Gibson, on the other hand, is famous for its use of humbuckers. A humbucker is a type of pickup that uses two single coils attached by a large magnet. Because of the way the single coils are wound, humbuckers tend to pick up far less stray frequencies and unwanted tones than single coil pickups (thus they are ‘bucking’ the ‘hum’). Naturally, humbuckers change the tone of the guitar as well. Most of Gibson’s guitars featuring humbuckers could be described as darker, smoother, and heavier than Fender’s single coil designs. Again, the effect of the pickups can match to the species of wood to draw out the best of both; dense woods like the mahogany and maple Gibson typically uses work quite well with the chestnut tones of a humbucker. Examine the Les Paul, for instance, one of the heaviest guitars both in weight and rock-ability. The LP’s mahogany body (usually with a maple top) and humbucker pickups grants the guitar both a stellar, warm, mellow tone while playing soft, and a ballsy, sturdy tone when the volume is turned up.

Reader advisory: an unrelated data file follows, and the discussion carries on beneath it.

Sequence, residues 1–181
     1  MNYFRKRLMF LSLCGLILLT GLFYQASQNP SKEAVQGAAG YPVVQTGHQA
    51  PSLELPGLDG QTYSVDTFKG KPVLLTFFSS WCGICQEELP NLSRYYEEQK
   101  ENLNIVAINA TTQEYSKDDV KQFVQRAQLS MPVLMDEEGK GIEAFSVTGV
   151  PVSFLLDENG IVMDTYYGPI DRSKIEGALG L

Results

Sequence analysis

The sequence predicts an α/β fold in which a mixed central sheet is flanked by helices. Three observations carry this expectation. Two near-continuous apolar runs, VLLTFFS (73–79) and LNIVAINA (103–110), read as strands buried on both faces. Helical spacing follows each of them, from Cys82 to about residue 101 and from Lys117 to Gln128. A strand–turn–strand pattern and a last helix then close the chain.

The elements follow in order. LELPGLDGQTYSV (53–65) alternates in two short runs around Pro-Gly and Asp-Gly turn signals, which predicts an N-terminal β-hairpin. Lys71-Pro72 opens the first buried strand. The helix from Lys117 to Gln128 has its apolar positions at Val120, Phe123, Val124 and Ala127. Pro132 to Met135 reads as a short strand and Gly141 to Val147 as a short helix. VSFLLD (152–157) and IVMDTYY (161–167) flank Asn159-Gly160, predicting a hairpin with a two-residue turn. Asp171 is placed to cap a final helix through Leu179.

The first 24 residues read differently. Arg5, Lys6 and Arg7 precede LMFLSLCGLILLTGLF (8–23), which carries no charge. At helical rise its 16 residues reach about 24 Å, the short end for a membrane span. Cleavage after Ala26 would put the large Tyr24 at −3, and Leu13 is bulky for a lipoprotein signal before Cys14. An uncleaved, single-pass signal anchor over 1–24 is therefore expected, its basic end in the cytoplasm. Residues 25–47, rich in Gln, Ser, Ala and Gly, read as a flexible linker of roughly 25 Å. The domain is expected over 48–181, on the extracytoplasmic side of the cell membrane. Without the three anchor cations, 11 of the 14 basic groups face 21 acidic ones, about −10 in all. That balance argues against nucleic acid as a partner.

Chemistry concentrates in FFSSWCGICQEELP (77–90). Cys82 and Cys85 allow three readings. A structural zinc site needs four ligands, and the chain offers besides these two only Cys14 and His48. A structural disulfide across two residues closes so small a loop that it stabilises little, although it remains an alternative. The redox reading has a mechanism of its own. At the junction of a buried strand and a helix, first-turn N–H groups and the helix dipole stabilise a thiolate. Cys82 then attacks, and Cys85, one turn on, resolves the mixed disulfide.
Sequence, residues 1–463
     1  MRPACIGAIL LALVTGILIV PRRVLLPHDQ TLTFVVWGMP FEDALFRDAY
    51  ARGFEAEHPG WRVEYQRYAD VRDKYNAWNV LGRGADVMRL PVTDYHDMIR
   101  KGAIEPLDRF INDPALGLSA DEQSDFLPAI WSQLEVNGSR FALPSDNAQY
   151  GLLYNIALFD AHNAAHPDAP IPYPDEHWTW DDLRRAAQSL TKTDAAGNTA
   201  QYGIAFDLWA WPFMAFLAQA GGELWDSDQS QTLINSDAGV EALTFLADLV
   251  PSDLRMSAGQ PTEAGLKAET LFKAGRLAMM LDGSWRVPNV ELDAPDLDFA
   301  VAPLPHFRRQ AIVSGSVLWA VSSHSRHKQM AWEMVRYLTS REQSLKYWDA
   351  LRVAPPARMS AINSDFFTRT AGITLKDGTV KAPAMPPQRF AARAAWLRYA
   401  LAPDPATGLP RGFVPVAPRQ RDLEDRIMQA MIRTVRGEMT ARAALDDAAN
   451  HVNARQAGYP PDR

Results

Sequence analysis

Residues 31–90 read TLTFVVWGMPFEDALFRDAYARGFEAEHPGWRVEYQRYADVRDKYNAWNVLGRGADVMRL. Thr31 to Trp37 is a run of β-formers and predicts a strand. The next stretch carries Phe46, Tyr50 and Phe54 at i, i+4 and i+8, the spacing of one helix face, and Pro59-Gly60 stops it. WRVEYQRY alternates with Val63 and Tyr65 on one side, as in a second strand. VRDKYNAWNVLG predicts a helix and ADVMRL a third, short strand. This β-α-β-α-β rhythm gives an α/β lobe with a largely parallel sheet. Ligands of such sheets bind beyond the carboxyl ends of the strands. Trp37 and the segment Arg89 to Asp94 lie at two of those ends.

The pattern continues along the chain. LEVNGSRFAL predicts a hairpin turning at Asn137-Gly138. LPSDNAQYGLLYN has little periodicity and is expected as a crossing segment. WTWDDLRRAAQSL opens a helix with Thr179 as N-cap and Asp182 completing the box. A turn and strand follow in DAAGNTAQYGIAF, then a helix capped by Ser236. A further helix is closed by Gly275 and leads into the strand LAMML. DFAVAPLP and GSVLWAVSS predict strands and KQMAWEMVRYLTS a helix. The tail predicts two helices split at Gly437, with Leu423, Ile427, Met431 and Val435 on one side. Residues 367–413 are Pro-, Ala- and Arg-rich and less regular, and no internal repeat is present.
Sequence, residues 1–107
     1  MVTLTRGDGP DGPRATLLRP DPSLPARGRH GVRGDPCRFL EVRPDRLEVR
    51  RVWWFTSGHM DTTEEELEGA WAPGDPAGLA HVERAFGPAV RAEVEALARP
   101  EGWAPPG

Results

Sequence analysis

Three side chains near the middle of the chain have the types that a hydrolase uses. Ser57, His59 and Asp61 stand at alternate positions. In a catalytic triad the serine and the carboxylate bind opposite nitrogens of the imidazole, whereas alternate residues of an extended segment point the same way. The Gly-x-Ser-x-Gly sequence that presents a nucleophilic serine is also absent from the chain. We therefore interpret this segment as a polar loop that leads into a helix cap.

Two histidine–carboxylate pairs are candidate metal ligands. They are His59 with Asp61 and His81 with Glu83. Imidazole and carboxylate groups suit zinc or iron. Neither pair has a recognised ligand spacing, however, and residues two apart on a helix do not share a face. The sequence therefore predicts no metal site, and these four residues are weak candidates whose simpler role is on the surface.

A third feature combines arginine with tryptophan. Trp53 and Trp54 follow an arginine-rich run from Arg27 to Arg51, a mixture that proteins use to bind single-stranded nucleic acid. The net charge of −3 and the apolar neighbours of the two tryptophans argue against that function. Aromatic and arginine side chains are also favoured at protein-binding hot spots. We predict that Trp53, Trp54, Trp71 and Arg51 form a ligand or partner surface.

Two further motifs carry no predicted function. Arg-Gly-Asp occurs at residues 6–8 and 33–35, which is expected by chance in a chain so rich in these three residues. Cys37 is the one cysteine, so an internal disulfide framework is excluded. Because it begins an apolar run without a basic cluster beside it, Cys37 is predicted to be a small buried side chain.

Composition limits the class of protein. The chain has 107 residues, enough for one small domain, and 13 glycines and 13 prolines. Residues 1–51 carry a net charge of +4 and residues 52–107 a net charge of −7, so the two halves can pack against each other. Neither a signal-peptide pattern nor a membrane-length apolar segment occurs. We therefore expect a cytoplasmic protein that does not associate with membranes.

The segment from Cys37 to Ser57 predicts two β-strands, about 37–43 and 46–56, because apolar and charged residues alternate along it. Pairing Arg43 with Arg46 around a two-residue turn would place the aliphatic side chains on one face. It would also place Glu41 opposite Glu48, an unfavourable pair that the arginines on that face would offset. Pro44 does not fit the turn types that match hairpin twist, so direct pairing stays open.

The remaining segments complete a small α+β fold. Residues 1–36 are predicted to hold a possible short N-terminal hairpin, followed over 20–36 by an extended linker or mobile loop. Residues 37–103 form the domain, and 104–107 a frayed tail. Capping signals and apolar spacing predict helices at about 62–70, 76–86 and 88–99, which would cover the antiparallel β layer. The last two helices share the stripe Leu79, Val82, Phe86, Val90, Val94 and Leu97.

In no way are the wood and type of pickups used the only differences between Fender and Gibson. Guitarists could sit around all day and debate the nitpicky details of electronics or the impact of the shape of the body, but the point remains that the companies produce different products for different musicians. The truth is, neither Gibson or Fender is objectively better, but one may serve the needs of a certain player better than the other at any given moment. Which do you prefer? Be sure to leave a comment with your thoughts on America’s guitar giants, this column, or any other comments or concerns.
Gibson vs. Fender
I THANK that it depens on what kind of music you are playing i have bouth and i love them i have a 58 gibson finder teley
Gibson–over rated–over–priced–look at all the neck problems. Fender the higher end–over -priced–over rated.
I have both. The SG neck is more guitar-y but I like the strat bridge better. I like the strat body better too. The SG has some tones you just can’t get out of a strat.
I’m kind of wanting a Gretsch.